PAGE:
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Sokolowski’s University Inn (Cleveland, OH)

My regular readers know that once a year, I gather with several of my friends and we do a “Death March” in which we spend an extended weekend at a different metropolitan area exploring the food, drink, and cultural scene, culminating in a ~20 mile walk through the city to explore all the neighborhoods. We’ve done a lot of cities, New York, San Francisco, Boston, Chicago, Montreal, London… this year was Cleveland. Okay, I can hear a lot of you already asking, “Wait, what? Cleveland?!” But you heard me right. Yeah, Cleveland had some rough years of post-industrialism, burning rivers, and general rust belt blight, but as I learned with many business trips to the area in the ’90s through recent years, Cleveland is actually one of the country’s most underrated cities, having cleaned themselves up quite nicely, and the city has a plethora of great attractions, ranging from the Rock and Roll Hall of Fame, to some great parks, some great breweries, and excellent restaurants both old and new. While much of the culinary coverage of Cleveland focuses on the newer places, we started our visit in the city with a trip to one of the old stalwarts of Cleveland ethnic dining: Sokolowski’s.

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House of Wu (West Warwick, RI)

At times I have to remind myself that here at Offbeat Eats, we’re all about finding good food wherever one’s travels take them, and that can mean anything from dive bars, to food served out of the back of a converted U-haul, all the way up to Michelin-starred restaurants on obscure islands. A good example of this is “Chinese” food. Chinese-American cuisine is really an odd sort of evolved cuisine. As covered quite masterfully by Jennifer 8 Lee in The Search for General Tso, ethnic cuisine in America is much like immigration in general: a mix of cultural integration, cultural preservation, adaptation, preservation… as well as more than a little improvisation and occasionally bastardization. And you know, while I do love going to various more “authentic” Chinese restaurants in various cities, and really enjoy some of the higher-end Chinese-inspired fusion cuisine that’s come into existence, sometimes I like a good Chinese-American meal as well. Like a good Tex-Mex meal, a “Chinese” meal doesn’t need to be “authentic” to be great, it just has to be well-prepared with good ingredients. In that light, earlier this summer I joined some of my good friends from the FOM for a friendly outing at an old, classic New England restaurant serving unapologetic “Chinese American Food”: House of Wu (not to be confused with the fashion designer)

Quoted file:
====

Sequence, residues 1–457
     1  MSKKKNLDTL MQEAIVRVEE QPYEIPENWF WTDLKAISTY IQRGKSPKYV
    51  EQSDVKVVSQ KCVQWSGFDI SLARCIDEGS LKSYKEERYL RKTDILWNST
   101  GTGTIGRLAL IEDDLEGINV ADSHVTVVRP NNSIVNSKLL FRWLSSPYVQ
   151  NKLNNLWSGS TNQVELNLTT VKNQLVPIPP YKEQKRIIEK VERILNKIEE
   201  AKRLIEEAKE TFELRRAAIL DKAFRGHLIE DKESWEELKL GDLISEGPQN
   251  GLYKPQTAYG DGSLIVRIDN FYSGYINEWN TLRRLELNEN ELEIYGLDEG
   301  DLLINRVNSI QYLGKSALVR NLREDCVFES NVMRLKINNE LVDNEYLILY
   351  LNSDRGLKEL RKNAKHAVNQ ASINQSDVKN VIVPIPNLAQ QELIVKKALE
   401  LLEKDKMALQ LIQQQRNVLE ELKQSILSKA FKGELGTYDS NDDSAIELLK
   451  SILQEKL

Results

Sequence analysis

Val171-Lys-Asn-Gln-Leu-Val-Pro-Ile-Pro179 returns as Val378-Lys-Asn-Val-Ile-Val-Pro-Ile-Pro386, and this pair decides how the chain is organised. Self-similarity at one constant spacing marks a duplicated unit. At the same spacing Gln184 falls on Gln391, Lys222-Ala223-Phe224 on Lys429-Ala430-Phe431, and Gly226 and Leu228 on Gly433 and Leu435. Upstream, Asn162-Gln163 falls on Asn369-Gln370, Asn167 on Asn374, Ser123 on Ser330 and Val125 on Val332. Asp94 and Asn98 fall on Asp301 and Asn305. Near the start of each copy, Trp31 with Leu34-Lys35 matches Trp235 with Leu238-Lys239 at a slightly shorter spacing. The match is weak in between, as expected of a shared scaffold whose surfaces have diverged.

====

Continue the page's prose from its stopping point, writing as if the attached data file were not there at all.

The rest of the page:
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Two Brothers Tavern (Middlebury, VT)

After a splendid four day weekend in Lake George, we ended up taking a slightly roundabout route home in order to do a bit of tourism. Normally we’d head back east on Route 4 through Rutland, but this time we ended up going north to the very north end of Lake George to check out Fort Ticonderoga, and then meander our way back home by crossing the scenic Lake Champlain Bridge and heading home through mid-Vermont, stopping off in Middlebury for dinner. Middlebury has always been a pretty good food town, with options like a location of American Flatbread, or even one of the few remaining A&W Root Beer drive-ins (with Lake George being one of the others), but while we smelled some rather splendid smells coming from Taste of India, we were in a bit of a burger mood, and decided to check out Two Brothers Tavern.

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Lone Bull Pancake & Steak House (Lake George, NY)

Our second morning in scenic Lake George, we had a bit of spare time to explore, so went driving a bit north along the western shore of Lake George, seeing some of the nice views, seeing a few of the larger resorts, and finding a place for breakfast. We ended up selecting one of the area’s more venerable establishments, the Lone Bull Pancake & Steak House, now approaching it’s 50th year of operation.

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Biscotti Brothers Cafe (Lake George, NY)

The very end of June had us heading out to scenic Lake George with a bunch of friends for Ohana By The Lake, a three-day celebration of Tiki culture, rum, and basic fun sponsored by the Fraternal Order of Moai (of which I am a member), held at the scenic Tiki Resort, one ofAmerica’s last best existing examples of mid-century American Tiki culture. But it also gave us a chance to explore the Lake George area, with it’s many, many mini-golf courses, scenic vistas, boardwalk, and the like. One little place we found for breakfast was just across from The Tiki: Biscotti Brothers.

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Rose Villa (Ormond Beach, FL)